TRAUMA: Being a working house wife is a nightmare as you have to juggle many roles including cook, accountant and child psychologist

By Zainab Sulaiman

The working house wife has to juggle multiple responsibilities. Her stress is heightened by power failures, gas tubes which do not connect, and a flooded kitchen because the fridge is leaking

Bhaag gaya, madam,” Dubey, the building watchman, announces. Apparently, the plumber whose background we had so meticulously researched, had run away. This, in spite of the fact that I’d insisted that Dubey does a recce of the last building the plumber had worked on, and the watchman there had told him that all was A-OK. Dubey had also added that the plumber’s materials were still lying at the site, waiting to be collected: a good sign.
“But he’s left his materials here,” he adds. “Maybe he’ll show up…”
We discuss ways and means to track down the plumber and drag him back. Dubey says that my cook knows where the plumber’s son studies and so he’s planning to follow the boy home from school so that we can finally locate where he lives. Visions of Dubey being lynched for following small children home float before me, and we discuss other options, though there are frankly none. I give Dubey a piece of my mind for bringing this useless chap on board and storm upstairs.
“Maydem,” Sanjoli, my live-in’s high-pitched whine greets me at the door. “Fridge kaam nahin kar raha hai (Madam, the fridge isn’t working).”
I have Samsung service centre on speed dial, and, within moments, I’ve lodged a complaint, while simultaneously pulling out wads of bills and receipts from the drawer, trying to find the last bill pertaining to the damn fridge.
It’s moody, the fridge. Sometimes, it drips water till it drowns all the endless bowls tucked away into the furthest recesses of its cavernous body. Other times, it’s warm as an oven, forcing us to (finally) throw away whatever is in those little bowls. It’s probably the third time in two months that a technician — as the company calls them — has visited. But not before insisting that I fully defrost for a day and night before he deigns to put a toe into my house, followed by endless fiddling around with some part or the other, till the fridge coughs, splutters and unwillingly comes back to life — for a few days. He has scooted off with my hard-earned cash in exchange for a few spare parts that we can’t even eat.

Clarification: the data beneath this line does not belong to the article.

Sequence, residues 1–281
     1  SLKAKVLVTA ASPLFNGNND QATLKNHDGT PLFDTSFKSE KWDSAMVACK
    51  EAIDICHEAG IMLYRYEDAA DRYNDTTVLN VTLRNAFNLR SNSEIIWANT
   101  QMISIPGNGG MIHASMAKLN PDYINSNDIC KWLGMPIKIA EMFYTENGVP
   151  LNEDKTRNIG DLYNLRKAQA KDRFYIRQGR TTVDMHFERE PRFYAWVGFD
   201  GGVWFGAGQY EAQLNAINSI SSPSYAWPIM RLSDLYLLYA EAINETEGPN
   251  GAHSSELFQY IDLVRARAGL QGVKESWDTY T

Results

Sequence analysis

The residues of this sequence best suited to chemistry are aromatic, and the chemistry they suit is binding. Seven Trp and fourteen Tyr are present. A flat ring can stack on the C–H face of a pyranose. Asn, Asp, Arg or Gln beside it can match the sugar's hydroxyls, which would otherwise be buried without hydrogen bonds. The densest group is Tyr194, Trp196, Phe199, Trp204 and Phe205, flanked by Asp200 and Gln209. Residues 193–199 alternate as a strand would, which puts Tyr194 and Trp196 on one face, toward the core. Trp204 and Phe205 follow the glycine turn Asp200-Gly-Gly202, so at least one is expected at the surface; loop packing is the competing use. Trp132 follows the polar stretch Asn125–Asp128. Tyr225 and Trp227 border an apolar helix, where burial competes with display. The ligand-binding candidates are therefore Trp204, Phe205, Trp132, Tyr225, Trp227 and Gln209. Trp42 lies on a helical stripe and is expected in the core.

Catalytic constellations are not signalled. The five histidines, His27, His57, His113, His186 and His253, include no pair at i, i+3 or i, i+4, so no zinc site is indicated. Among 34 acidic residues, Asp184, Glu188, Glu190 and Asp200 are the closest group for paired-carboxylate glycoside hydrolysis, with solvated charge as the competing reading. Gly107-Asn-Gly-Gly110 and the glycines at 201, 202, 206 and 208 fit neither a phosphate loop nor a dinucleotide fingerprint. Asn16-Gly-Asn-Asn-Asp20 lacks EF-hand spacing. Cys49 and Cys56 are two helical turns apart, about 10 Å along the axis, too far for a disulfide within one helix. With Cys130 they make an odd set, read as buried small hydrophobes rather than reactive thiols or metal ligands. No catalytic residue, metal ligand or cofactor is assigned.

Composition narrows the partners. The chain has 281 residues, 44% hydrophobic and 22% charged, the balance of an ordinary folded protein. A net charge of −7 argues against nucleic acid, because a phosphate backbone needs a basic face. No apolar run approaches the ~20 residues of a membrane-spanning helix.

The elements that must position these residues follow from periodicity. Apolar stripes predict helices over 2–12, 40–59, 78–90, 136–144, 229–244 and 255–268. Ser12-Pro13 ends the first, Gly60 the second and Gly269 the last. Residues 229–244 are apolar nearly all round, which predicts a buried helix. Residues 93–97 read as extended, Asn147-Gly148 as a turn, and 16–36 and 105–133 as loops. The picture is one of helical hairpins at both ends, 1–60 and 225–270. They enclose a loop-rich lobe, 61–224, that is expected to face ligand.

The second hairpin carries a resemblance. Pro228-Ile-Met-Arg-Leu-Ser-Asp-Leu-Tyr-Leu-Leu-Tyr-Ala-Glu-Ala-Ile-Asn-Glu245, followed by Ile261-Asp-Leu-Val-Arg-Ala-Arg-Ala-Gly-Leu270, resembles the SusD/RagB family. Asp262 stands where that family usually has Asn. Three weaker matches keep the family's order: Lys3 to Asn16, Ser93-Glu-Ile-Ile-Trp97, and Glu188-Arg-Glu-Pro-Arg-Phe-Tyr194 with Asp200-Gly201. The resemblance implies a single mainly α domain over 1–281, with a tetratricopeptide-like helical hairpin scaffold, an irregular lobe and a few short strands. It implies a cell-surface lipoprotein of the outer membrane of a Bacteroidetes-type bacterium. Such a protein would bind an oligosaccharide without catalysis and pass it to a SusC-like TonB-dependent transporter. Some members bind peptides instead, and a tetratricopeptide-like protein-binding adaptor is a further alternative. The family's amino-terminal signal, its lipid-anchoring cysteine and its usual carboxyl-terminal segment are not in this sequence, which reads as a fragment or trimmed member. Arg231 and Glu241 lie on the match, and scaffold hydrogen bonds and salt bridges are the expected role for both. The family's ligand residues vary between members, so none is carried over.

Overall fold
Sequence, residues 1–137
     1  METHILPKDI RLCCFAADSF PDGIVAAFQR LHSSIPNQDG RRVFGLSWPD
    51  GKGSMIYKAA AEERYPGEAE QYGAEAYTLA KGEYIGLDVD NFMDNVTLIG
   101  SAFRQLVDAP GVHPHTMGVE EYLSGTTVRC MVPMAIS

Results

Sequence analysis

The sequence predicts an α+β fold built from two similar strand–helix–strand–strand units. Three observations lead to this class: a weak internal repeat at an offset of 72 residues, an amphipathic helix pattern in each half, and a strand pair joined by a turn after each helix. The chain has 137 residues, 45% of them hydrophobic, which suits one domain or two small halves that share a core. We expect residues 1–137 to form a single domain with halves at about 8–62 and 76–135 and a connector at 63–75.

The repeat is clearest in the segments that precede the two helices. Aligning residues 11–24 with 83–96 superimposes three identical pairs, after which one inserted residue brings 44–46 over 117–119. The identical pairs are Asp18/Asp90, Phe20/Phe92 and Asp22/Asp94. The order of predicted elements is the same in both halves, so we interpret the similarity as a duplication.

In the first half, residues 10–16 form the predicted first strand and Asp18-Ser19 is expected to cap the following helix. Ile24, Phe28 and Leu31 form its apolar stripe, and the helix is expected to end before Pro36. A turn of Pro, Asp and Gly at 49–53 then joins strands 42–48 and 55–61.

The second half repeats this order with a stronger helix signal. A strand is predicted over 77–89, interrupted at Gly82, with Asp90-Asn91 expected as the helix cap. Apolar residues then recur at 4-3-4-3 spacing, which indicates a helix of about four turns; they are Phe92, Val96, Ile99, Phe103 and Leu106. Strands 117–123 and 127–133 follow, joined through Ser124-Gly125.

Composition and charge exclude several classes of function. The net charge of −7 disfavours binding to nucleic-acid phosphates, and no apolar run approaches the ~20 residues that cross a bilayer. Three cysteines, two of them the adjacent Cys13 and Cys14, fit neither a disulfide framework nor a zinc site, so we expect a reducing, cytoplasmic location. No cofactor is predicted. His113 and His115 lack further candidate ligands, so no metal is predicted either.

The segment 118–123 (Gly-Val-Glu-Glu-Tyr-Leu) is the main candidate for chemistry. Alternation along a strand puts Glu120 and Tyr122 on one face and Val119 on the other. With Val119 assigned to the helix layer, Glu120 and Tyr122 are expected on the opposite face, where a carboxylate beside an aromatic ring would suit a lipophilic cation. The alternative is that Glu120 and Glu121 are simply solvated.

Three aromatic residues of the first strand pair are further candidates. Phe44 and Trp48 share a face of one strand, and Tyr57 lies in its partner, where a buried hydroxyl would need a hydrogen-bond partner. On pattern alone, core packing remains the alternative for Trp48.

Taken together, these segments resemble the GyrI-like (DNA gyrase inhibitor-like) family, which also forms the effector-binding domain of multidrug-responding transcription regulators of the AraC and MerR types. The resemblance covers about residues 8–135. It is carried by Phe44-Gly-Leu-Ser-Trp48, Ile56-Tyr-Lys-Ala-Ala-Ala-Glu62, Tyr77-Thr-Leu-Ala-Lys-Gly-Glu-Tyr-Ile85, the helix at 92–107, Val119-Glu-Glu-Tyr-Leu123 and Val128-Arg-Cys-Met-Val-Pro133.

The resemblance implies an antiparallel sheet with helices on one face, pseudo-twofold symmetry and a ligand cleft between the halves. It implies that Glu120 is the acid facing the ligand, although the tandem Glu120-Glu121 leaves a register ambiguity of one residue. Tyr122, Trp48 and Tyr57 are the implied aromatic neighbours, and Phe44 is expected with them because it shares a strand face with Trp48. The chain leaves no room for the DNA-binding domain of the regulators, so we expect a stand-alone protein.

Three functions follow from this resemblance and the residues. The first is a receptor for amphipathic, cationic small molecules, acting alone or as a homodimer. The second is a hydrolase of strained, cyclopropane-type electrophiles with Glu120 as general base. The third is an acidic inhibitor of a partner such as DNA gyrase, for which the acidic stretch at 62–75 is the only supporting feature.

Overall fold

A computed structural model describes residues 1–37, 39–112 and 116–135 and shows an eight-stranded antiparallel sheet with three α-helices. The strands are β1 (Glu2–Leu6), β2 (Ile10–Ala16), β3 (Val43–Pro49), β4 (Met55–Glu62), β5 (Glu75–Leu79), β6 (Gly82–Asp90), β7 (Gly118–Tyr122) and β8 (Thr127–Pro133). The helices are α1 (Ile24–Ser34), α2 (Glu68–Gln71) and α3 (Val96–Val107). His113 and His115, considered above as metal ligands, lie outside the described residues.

The technician — I insist they send the same man they sent last time, who’d sniggered at us and said we had kept too many things at the back of the fridge thereby “blocking the cooling” — sallied in the next day, took one look at the emptied contents (we had dutifully defrosted yet again) and said that there was nothing wrong with the fridge: the power point was spoilt.
“That’s it?” I’m super relieved, as for once I won’t have to shell out yet another large sum of money for some piece of metal or plastic, though I will have to pay for his visit to our humble home.
“Yes,” he says, smug as always, and begins to clear away his things.
“Maydem,” Sanjoli follows me out of the kitchen, “I don’t think that’s the problem…”
“What do you mean?” I glare at her. By default, I hold the person closest to the device fully responsible for anything that happens to it. “I put the microwave’s plug into the same point, and it’s working fine…” her singsong voice finally cuts through my thick brain.
“So. It’s. Got. Nothing. To. Do. With. The. Plug. Point.”
“No, Maydem.”
And with some amount of long-held-back resentment and a great degree of relish, I attack the hapless man standing in my kitchen. But sadly, the euphoria of getting back at my arch nemesis wears off the very next day. (The Almighty finally stepped in and sent me a lovely old man who’s been repairing fridges and microwaves all his life, and he’s sorted us out. Now, of course, I live in dread of when said person will cease to exist on this planet.)
“Mama!” an indignant voice barks down the phone. “The gas is over! How are we going to cook lunch?”
L is at home for the holidays and has a friend over and is obviously disgraced that we can’t even feed her.
“Don’t worry, we have a back-up cylinder.”
I’m pretty certain I’ve ordered it as well and all should be good in minutes; for the Queen-of-Back-Ups, existing on one silly old cylinder is simply not acceptable. But a few conference calls later, to the live-in and my trusty “Amma” (who really runs the show), confirm my nasty suspicion: there is a problem with connecting the new cylinder to the regulator.
The deliveryman had refused to check the regulator when he delivered the gas, in spite of the fact that the exact same problem had arisen earlier, bringing the household to an abrupt halt until 24-long hours later, when he’d strolled back in and fixed the problem. He’d apparently claimed that he was “too busy”. “In spite of me telling you a hundred times to make sure he checks it?!!” I enquire from Sanjoli, trying not to shout, as my colleagues tap away at their respective laptops in an tranquil atmosphere of peace and quiet.
“He was busy, Maydem,” she repeats, unable to understand why I can’t understand this simple fact.
“Throw fifty bucks at him the next time he comes,” I instruct Dubey, who’s summoned to the phone — the messiah is scheduled to arrive at 3 pm to resolve this crisis.
“But why madam?” Dubey’s indignant. “It’s his job.”
“Which he’s not doing! Once he’s used to a tip, we can stop it when he doesn’t cooperate.”

Coutersy: Indian Express

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